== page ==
So to answer the question about why we should care because a fat producer got kicked off a plane…

Maybe we should care because it is uncovering the worst in us, both individually and corporately.

Sara L. Stein, M.D.
Author, Obese From The Heart: A Fat Psychiatrist Discloses (2009)

On Childhood Obesity and Genetics – It’s All in The Family!

Today at noon First Lady Michelle Obama unveils a new Nationwide Initiative on Childhood Obesity. About 1/3 of our children are overweight, 1 in 5 are obese. In some states, the numbers are nearing 50%. These numbers go up as people age. Currently 60% of adults in our nation are overweight and 30% are obese.

Clearly this is a progressive condition. It’s getting worse. We’re getting worse. More people are getting fatter and sicker as they get older. The prevalence of obesity has risen 3000% in the last couple of generations. That is NOT an explosion of genetic illness.

It is convenient and absolving of responsibility to think that our DNA is causing obesity. While there are genetic obesity syndromes, they are rare – estimated at 1 in 7000 obese people. These syndromes present very early in childhood and are often accompanied by other developmental conditions. That means that 6999 out of every 7000 obese persons have to find another reason for their overweight besides their genes!

The genetics of obesity is how your body distributes fat, and what shape you are. Apple vs pear is genetic. Gaining weight as a result of eating too much is not.

Still, for those of you who insist on genetics as a cause of your obesity, you’re right. Sort of.

Most of the genetics of obesity involves on-off switches that regulate metabolism, inflammation, energy. Low quality foods, nutritional deficiencies, artificial additives and preservatives can flip the gain-weight or the do-not-lose or even the burn-calories-slower switch. If you are obese and dieting, it may not be your imagination that you are not eating much and still not losing weight.

Obesity IS generational and familial and cultural. We become overweight because we are served certain foods in an environment that encourages us to eat. It might be low quality food, or it might be the highest calorie home cooking of our dreams. We overeat because we attach meaning and emotion to our food, whether it’s the SuperBowl, Christmas or a funeral. Quickly we learn to use food to regulate our emotions, our energy, our happiness on a daily basis.

What about exercise? You need it! Your body is designed to move, and without movement, you become ill. It gets better though. When you combine healthier foods with movement, those on/off gene switches go back to where they are supposed to be, and your body weight begins to readjust. It doesn’t take starvation and boot camp and pain. It may just take a few less preservatives, a little more home cooking, and a walk after dinner. And a good nights sleep.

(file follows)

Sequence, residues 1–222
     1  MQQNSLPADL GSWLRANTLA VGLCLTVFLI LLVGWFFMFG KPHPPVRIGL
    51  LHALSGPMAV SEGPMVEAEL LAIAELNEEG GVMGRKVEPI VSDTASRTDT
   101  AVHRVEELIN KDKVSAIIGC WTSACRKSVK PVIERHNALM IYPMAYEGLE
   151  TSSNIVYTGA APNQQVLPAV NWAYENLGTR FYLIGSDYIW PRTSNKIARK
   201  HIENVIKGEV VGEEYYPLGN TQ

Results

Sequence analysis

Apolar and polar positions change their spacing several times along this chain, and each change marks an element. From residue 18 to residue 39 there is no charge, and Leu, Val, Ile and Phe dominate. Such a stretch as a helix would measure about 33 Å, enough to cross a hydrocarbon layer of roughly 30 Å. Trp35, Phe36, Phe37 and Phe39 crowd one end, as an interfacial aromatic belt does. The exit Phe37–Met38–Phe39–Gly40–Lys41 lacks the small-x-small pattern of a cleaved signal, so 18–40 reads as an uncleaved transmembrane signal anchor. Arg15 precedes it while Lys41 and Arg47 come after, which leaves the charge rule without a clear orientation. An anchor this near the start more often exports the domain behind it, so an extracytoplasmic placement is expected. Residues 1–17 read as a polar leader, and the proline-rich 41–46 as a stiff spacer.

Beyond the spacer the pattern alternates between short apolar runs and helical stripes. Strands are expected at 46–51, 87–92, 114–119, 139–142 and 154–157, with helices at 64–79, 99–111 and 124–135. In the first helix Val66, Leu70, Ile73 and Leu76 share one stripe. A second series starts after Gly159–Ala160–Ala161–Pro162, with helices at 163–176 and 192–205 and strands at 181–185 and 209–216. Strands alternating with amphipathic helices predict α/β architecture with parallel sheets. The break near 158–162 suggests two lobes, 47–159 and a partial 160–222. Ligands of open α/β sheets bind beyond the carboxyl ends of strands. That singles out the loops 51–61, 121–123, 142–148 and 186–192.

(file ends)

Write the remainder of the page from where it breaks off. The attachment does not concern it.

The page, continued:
So what do you do for you and your children and your family? Here’s the good news.

If you come from a family that has always used food as a measure of the joy and sadness of life, try music instead. Use food for fuel, not emotional fullfillment. Use love as comfort, not ice cream. Use movement to blow off steam, not potato chips. Use prayer and meditation to find your bliss, not cookies. Use your family as your support, not your frustration. In the end, all we have is each other. With or without the meal.

Now you can live with that, can’t you?

Introduction to ‘Obese From The Heart’

Who is this book for?

Maybe it is easier to tell you whom it is NOT for.

If you are looking for a good diet, consider these suggestions:

  • If you have a few pounds to lose, try a balanced diet with meal plans or suggestions that suit your lifestyle – join a gym, go for a walk, stop drinking soda, drink tea, find a diet buddy or online support group, practice relaxation.
  • If you have a significant amount of weight to lose, go to your doctor, a nutritionist and start moving, even a little. Learn how to lose weight the healthy way, and try it. Make sure you do not have a medical condition that is causing the extra weight.
  • The rest of you, read on.

  • Read on if you are morbidly obese by medical standards and you have not successfully managed your weight.
  • Read on if you feel hopeless, helpless and defeated by your weight and your attempts to lose it.
  • Read on if your appearance does not reflect the way you feel inside.
  • Read on if others have reacted to your appearance before you even said one word to them.